Tempo workouts are a staple for runners of every distance. If you are unfamiliar with tempo runs, they are designed to feel ‘easy/hard’ to help build your endurance. The marathon is tough, but tempo runs can help those who often struggle in the late stages of the race feel more confident about maintaining their race pace.

Runners at the 2021 Georgina Marathon. Photo: Edison Yao

In case you are unsure of how hard a tempo run should feel, you should be able to answer a question or hold a short conversation mid-workout. Ask yourself, “Is this pace OK?” If you feel like it’s not, it’s a sign you are going too fast, and could dial it back slightly so you can maintain it longer.

The workout

Five mins, 10 mins, 15 mins, 15mins, 10mins, five mins (all off two minutes’ slow jog rest)

The workout should be run at a slightly faster pace than your goal marathon pace. For example, if your marathon goal is running under four hours (which would mean you’d need to maintain an average pace of 5:40/km), you should run your tempos at 10 to 15 seconds faster per kilometre (5:25-5:30/km).

Treat the two minutes’ rest between reps as a slow jog or walk. Jogging the rest will help you add additional volume to your weekly training mileage. After each rep, focus on your breathing and stay relaxed before starting the next.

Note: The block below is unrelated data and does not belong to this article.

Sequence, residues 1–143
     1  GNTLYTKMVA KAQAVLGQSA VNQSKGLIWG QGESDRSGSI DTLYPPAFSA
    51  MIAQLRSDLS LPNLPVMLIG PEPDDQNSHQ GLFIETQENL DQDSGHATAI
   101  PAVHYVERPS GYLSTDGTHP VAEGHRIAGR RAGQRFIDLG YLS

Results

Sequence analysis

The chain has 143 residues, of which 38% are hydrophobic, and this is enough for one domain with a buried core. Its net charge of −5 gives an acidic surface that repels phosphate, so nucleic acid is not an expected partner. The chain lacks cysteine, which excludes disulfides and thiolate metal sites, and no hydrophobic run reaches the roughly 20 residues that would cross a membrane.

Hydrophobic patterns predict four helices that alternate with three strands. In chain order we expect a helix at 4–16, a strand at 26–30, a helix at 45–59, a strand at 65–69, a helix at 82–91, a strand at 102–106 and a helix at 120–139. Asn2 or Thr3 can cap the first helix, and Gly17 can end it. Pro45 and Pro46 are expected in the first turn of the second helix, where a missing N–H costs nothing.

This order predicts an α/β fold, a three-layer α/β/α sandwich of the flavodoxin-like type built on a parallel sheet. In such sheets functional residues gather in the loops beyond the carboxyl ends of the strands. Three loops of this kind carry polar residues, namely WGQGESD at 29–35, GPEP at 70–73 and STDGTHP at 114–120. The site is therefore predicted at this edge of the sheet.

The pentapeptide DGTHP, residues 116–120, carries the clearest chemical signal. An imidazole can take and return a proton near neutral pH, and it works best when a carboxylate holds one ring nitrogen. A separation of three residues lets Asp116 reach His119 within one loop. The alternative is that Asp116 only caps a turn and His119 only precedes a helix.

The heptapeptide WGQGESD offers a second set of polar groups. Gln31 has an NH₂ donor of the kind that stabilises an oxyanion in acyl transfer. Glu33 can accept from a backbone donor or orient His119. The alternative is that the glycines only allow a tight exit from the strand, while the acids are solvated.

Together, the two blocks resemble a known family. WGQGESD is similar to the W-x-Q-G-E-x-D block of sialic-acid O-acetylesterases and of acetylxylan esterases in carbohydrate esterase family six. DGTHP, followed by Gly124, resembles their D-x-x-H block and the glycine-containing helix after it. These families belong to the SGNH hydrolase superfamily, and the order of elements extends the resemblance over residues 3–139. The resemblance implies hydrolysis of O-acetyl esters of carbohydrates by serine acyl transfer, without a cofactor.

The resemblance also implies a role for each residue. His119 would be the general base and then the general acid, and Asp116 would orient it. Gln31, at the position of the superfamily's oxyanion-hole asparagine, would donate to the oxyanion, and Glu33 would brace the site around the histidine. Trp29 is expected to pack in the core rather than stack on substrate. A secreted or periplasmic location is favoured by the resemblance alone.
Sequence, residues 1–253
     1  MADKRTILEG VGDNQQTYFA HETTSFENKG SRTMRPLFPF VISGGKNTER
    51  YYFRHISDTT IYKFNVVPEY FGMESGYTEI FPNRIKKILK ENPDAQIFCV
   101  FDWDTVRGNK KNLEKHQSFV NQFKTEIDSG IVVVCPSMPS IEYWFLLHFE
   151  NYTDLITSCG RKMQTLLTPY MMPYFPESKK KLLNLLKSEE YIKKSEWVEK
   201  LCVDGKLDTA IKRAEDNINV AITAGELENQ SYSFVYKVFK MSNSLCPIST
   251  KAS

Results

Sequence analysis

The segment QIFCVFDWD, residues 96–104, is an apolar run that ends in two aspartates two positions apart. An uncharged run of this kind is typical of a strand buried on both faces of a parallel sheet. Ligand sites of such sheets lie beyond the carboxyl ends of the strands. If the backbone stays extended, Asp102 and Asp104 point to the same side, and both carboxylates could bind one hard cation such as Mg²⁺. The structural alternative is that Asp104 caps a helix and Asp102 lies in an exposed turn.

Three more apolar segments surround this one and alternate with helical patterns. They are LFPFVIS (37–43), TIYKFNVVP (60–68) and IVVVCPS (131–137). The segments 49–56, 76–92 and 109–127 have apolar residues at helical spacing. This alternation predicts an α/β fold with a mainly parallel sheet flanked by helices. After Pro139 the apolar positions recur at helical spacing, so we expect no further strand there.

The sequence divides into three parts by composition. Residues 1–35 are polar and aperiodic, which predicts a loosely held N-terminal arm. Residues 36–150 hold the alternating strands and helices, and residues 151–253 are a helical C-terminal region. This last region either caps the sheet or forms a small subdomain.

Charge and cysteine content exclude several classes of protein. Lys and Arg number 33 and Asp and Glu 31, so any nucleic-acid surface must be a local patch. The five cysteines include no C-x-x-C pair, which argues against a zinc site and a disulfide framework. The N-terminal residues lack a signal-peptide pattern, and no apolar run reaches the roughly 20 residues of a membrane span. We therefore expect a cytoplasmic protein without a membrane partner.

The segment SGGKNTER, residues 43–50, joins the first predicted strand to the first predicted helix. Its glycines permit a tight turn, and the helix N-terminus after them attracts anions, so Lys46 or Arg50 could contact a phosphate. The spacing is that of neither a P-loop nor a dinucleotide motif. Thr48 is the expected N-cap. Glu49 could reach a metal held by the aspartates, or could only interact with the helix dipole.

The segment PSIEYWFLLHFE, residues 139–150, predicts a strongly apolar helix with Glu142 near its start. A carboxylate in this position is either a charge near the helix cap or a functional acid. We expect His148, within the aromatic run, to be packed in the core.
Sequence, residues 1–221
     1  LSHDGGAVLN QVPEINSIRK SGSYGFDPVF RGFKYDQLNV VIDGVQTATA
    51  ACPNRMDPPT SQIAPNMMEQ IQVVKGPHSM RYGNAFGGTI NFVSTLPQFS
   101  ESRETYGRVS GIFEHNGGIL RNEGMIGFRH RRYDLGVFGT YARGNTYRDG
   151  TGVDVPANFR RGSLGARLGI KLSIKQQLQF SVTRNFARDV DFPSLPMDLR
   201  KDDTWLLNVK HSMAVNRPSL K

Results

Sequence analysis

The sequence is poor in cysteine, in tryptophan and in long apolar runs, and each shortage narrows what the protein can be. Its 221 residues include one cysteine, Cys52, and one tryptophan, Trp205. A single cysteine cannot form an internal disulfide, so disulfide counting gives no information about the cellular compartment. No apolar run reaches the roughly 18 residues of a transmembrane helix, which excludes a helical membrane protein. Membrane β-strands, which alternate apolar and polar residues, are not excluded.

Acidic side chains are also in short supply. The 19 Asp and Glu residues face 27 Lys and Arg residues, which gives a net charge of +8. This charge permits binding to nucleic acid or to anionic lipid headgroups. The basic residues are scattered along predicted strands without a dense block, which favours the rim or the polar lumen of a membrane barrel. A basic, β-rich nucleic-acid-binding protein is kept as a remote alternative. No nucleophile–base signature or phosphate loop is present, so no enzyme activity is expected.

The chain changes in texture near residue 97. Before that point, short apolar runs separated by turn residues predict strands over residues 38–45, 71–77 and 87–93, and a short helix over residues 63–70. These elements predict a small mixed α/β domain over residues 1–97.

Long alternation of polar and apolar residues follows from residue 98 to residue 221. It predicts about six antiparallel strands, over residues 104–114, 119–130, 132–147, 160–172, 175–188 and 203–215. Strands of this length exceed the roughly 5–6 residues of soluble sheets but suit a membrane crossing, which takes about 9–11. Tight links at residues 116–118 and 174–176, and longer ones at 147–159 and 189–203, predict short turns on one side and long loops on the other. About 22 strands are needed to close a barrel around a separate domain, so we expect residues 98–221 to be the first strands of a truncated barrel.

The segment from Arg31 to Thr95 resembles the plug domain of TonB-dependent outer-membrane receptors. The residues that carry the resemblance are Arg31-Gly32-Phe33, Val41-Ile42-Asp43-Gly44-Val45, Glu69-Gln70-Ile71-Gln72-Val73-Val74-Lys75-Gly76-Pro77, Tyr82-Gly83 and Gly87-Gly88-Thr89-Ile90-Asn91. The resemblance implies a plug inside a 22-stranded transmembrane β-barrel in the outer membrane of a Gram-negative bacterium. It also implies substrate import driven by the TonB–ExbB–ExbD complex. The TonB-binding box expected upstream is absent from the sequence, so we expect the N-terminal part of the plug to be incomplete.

It is essential to hit the paces for the first three reps of this workout to help you finish the last three reps at a slightly faster pace.

After you complete the workout, you can calculate your average pace through the 60 minutes of tempo to determine your potential for the first half of the marathon. Add 10 to 15 seconds per kilometre to the average pace, to give you a rough estimate of how fast you should go out in the first half of the race.

Make sure to include a 15- to 20-minute warmup before starting the workout. 



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